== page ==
It makes significant differences. One of the big strengths of Redbubble is the long tail of content and the advantages that has, both from a competitive moat perspective but also for what it plays into long tail SEO and SEM; it makes that a much more important part of the business. It makes the optimization challenges more important. Relatively small tweaks to an SEO algorithm can have significant effects because we place so much in long tail and so little in head terms, into those areas.

The positive part, for me, is that the content library is such a wonderful defensive element and a unique competitive advantage that you can’t just throw money at to replicate. That is the part of the business that I think is a really great base from which to build.

Given that SEEK have a small corpus of, effectively, business customers, uploading content in the form of ads and Redbubble has artists uploading designs, how do you think this changes the philosophy of the company?

Redbubble’s history is definitely in serving artists; that’s what the platform does. It helps them monetize their passion; it enables them to sell products featuring their designs. Thinking about the artist has been fundamental, and effectively, not to monetize the artist. Whereas in the SEEK context, the hirer, the person placing the job ad, was the customer that you were selling to, that you were generating revenue from and who you would look at from an account management perspective.

That said, one of the things that we are starting to do in Redbubble is to start to think of our artists and manage them from an account management perspective, in terms of tiering them, giving them different levels of service, potentially, and thinking about where they fit when we onboard them. That is obvious, and has been done in some ways, but we’re trying to really increase that account management philosophy that we can bring to the top-selling artists, then the middle tier and then go broader. We’re looking to have a more specific focus on what is the level of proactive service that we should be giving to those different tiers of artists.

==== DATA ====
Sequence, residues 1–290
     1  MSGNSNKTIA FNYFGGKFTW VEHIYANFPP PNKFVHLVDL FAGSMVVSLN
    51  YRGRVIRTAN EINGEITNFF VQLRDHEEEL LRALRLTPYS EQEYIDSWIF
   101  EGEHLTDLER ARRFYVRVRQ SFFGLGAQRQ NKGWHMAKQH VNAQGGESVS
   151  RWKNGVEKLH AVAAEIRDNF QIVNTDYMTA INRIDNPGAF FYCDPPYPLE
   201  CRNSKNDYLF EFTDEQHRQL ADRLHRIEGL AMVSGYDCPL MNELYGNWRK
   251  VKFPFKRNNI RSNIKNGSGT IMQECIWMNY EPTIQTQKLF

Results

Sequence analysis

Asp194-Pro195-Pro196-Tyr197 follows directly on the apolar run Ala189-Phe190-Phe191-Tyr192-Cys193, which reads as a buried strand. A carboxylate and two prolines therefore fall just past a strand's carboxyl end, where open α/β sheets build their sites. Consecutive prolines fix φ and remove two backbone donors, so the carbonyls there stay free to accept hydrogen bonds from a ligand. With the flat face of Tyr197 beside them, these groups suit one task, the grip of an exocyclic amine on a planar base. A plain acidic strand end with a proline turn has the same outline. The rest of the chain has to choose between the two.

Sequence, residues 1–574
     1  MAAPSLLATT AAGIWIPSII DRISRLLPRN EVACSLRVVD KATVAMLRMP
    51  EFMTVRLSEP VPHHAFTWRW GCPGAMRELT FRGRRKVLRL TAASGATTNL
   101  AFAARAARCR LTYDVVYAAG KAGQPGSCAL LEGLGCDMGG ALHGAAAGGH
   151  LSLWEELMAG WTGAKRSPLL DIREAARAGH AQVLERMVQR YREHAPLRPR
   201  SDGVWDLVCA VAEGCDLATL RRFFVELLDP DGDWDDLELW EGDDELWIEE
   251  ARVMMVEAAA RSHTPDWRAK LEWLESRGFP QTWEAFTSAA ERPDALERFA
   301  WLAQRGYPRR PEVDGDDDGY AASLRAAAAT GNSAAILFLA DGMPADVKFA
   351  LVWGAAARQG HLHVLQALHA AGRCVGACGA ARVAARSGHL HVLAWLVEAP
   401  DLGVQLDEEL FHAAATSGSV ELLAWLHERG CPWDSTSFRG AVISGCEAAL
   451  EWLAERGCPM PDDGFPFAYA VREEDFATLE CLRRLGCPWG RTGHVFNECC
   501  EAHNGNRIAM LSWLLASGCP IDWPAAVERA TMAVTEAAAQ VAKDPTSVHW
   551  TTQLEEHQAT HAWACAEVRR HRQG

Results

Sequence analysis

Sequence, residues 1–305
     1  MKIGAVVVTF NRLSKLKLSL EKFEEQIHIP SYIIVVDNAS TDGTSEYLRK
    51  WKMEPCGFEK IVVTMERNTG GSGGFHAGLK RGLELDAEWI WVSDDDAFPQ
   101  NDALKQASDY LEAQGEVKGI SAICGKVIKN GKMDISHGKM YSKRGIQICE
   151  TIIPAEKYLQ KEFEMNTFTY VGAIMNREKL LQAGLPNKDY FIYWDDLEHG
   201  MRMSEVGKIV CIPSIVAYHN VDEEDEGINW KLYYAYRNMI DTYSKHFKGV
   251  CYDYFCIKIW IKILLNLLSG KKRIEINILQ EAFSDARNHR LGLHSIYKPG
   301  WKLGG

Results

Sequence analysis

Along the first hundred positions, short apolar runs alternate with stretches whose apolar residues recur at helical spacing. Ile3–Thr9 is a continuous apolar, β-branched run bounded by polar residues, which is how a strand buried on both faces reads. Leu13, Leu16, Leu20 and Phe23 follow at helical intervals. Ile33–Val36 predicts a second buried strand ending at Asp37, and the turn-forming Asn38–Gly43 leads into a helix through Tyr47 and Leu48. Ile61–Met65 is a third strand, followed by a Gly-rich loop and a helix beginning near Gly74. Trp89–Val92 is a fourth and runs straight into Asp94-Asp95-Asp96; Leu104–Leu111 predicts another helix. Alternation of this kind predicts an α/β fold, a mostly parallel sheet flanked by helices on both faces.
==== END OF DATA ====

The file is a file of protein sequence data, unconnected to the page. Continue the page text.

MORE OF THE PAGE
But our goal is always to align ourselves with the artist, as opposed to monetize the artist. It is the consumer who pays, so you have to think about the consumer. Whereas, in the SEEK context, the jobseeker never paid. There are fundamental differences that I have had to get my head around.

How do you think these new artist services could improve the stickiness and the relationship you have with the artist?

Stickiness hasn’t really been a huge issue, in terms of artist retention; retention is really, really high. What we want to continue to work on is artist engagement. We want to make sure that artists have an incentive to come back to the site, to curate their work and to apply their work to new products. When a new product comes along – we’ve just launched hats – their existing designs don’t automatically get configured onto those products. The artist needs to come on, configure it, set their price and say that they want to sell that product.

It’s important that you get artists with really well-selling content, to come back, reconfigure and continue to engage with the site, as well as continually adding new designs. While there might not be a huge amount of completely new products, there are new launches. For instance, a new iPhone case will come out in September, with the new iPhone. It’s really about ensuring an ongoing engagement and connection.